Design for the Responsive City
Gaming and Participation
Senior Faculty: Areti Markopoulou
Gaming Designer: Aurel Richard
Faculty Assistant: Marco Ingrassia

If the physical structure and the image of the city have always been based on the technologies of production, communication and representation, how does Information era and communication technologies impact on the process of the design of the city?

Master in City & Technology 2014/15, Adaptive Neighborhood, Faculty: Areti Markopoulou and Bruno Moser, Faculty Assistants: Marco Ingrassia and Angelos Chronis, Students: Mohit Chaugule, Chiara Dall’Olio, Caglar Gokbulut, Rahul Pudale, Chenghuai Zhou

The Technologies of communication and interaction and the internet of things are building a new framework on the physical dimension of the city, that has not yet generated a paradigm shift in the design process of the urban environment. The paradigm of Smart City introduced unprecedented intelligent systems and devices but urban design proposals still rely on top-down process that neglect any users’ engagement while proposing inefficient physical models.

We still design for the people, as we have educated to do, and we consider technologies as a possibility for designing in a more optimized way. At the same time, traditional limitations of how to integrate more actively citizens and communities in the design of their spaces are starting to be defeated by new design tools, highly interactive interfaces and intuitive processes.

Which are the design protocols, that allow the planning of an urban responsive organism, able to adapt and/or interact with its inhabitants? Can we implement such interaction from the very first steps of the design of the built and urban space?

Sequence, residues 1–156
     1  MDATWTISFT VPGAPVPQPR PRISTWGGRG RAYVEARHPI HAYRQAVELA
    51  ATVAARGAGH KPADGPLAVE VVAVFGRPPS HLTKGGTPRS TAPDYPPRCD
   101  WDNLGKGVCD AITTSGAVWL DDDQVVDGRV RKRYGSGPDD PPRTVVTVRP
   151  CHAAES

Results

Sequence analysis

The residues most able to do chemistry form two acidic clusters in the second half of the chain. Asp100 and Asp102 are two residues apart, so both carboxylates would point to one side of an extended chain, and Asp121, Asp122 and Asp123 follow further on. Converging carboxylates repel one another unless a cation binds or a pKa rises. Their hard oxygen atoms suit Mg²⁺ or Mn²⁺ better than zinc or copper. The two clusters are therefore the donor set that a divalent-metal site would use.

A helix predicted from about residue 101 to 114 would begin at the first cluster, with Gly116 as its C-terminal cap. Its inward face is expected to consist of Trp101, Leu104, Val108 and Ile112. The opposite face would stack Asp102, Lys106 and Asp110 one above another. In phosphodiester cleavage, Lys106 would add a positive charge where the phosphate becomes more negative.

Can we use responsive and gaming technologies for rethinking participatory processes on designing with the people?

The Design for the Responsive city seminar claims an active role for both architects and users as co-designers of new urban relations, behaviours and operations through responsive and gaming technologies.

The Seminar will focus on developing and understanding how gaming technologies and/or Virtual and Augmented Reality can become a tool for the designer for sharing and evaluate the design process through user’s feedback.

The case study of our work will be the Poble Nou Superblock, the first Poble Nou pilot project of an alternative mobility model that liberates space to be used by the public. The first step of the seminar is to simulate in a digital environment the physical space of the Superblock. That simulation will then be inserted in the design of an interface.

The goal of the seminar is to develop a simple user-based gaming interface. Students will be working to define separate elements of the gaming interface that will be used during an experiment on site asking residents and users of the Superblock area to play and interact with it. For the design of the interface students will be defining the creation and building of different simple elements including greenery, energy devices, alternative vehicles, leisure devices and more.

A final survey is the core of the Seminar that will collect the feedback of the users in order to map a series of proposals that will reflect the average wish of the users for the design of their public space.


How do we design a game for co-design?
What kind of relations, operations and behaviors should we implement in our design processes?

Gaming Workshop
A short 2 day workshop will be organized with Jose Sanchez, architect, coder and gaming developer, founder of Blockhood.

Dates: January 2017 (exact dates to be confirmed)